AT&T Criticism Mounts
AT&T is facing mounting criticism from PEG advocates calling for the company to change how it delivers public channels to subscribers so that visually impaired and blind people can access them. American Community Television (ACT) sent letters to AT&T President, Randall Stephenson and to Jacquelyn Brand, the chair of the AT&T Advisory Panel on Access & Aging, urging AT&T to correct the issue and deliver PEG channels the same as commercial channels on the U-Verse system.
Multichannel News quoted ACT President, John Rocco, who is visually impaired and the manager of the Charlotte Mecklenberg Public Access Corporation, "I cannot navigate to my own channel, "said Rocco, "This impacts all persons with visual disabilities, particularly the elderly."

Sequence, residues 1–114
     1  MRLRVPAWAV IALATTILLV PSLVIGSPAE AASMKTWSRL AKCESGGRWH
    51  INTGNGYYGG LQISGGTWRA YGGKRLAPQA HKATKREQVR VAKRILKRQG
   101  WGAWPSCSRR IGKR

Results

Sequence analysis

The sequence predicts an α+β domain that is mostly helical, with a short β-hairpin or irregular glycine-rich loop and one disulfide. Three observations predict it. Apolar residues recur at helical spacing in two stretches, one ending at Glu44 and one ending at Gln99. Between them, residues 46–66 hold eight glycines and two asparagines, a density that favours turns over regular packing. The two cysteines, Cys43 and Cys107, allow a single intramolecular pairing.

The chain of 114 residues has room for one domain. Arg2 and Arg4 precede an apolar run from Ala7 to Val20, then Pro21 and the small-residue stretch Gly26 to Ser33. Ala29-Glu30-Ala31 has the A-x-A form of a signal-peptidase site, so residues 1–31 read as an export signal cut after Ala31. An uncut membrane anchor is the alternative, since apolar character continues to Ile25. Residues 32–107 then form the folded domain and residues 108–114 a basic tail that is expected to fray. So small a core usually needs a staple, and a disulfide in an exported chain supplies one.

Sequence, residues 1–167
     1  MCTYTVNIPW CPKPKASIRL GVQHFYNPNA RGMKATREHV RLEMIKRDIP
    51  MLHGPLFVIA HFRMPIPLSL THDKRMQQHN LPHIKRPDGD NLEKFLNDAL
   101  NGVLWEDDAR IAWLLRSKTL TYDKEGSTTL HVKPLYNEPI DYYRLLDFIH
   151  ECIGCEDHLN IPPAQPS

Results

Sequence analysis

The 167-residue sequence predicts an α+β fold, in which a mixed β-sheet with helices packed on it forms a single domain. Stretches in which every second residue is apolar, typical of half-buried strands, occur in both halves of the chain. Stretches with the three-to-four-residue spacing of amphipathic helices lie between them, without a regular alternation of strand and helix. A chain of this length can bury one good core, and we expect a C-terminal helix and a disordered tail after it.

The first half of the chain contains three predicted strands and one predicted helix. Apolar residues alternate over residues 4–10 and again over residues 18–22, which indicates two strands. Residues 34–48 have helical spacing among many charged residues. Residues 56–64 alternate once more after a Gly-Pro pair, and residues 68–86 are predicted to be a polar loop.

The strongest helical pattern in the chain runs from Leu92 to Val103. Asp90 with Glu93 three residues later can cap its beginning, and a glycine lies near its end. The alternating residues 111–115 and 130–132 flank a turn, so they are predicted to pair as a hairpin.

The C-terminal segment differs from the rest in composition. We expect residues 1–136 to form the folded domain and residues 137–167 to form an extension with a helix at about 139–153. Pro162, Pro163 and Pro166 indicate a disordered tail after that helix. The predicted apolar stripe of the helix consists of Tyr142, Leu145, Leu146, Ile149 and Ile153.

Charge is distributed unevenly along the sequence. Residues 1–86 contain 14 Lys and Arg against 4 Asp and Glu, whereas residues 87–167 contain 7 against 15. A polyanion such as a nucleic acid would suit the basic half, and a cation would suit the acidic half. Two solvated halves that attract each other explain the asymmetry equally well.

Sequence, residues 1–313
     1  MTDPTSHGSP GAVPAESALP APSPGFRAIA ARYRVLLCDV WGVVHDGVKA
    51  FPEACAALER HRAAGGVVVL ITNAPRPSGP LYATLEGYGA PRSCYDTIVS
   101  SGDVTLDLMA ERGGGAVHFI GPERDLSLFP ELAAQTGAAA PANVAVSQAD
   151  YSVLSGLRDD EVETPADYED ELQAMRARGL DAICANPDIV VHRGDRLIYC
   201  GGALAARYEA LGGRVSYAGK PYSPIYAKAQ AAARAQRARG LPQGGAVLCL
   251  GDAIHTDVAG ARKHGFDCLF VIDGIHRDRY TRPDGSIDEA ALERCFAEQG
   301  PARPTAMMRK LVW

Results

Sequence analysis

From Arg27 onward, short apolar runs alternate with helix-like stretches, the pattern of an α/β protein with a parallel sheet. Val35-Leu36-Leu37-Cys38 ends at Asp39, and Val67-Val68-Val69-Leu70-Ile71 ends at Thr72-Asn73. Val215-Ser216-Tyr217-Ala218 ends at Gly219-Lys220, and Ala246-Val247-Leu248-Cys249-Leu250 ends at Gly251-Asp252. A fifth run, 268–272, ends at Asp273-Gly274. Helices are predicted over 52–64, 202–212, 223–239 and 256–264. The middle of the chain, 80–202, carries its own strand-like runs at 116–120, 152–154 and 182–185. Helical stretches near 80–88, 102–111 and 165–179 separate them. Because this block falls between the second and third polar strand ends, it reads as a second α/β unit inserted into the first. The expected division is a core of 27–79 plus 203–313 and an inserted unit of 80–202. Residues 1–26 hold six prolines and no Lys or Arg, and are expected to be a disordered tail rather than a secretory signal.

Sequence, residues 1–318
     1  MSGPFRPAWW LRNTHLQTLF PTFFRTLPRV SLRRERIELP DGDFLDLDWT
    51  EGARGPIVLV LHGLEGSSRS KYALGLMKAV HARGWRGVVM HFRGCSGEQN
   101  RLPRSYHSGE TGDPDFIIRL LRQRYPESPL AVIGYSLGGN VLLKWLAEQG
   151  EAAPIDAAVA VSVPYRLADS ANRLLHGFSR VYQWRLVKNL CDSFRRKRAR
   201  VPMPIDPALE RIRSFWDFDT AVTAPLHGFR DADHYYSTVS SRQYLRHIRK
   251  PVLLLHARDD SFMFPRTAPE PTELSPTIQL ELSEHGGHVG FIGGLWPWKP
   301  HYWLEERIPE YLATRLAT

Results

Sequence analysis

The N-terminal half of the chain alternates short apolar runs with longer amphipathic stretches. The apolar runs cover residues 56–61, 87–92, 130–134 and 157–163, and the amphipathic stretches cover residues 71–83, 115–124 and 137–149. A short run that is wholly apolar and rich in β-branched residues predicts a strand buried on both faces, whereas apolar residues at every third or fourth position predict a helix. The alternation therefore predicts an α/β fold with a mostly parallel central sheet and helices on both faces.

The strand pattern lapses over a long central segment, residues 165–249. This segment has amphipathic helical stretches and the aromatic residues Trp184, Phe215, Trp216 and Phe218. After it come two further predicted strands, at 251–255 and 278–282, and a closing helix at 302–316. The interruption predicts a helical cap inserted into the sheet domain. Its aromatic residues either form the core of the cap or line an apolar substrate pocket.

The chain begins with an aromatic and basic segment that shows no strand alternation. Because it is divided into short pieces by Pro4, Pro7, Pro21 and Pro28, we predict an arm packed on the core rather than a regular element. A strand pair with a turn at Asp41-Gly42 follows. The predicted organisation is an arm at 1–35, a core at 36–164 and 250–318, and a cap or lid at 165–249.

In its release on the issue, ACT points to the fallacy in claims AT&T makes in a report titled, "Accessibility, Innovation, and Sustainability at AT&T." In that report, AT&T's claims that it thoroughly tests products in the development stage to make sure they are "accessible, useful and usable" for people with disabilities and that its goal is "to learn and adjust product design in the lab from inception, rather than after a product or service is deployed to tens of millions of customers."
ACT President, John Rocco, says, "We believe this report is the smoking gun that shows AT&T knew in advance of its roll out of U-Verse that PEG channels would not be accessible to the visually impaired...The irony here is that PEG channels provide more programs by and about persons with disabilities than any other television medium."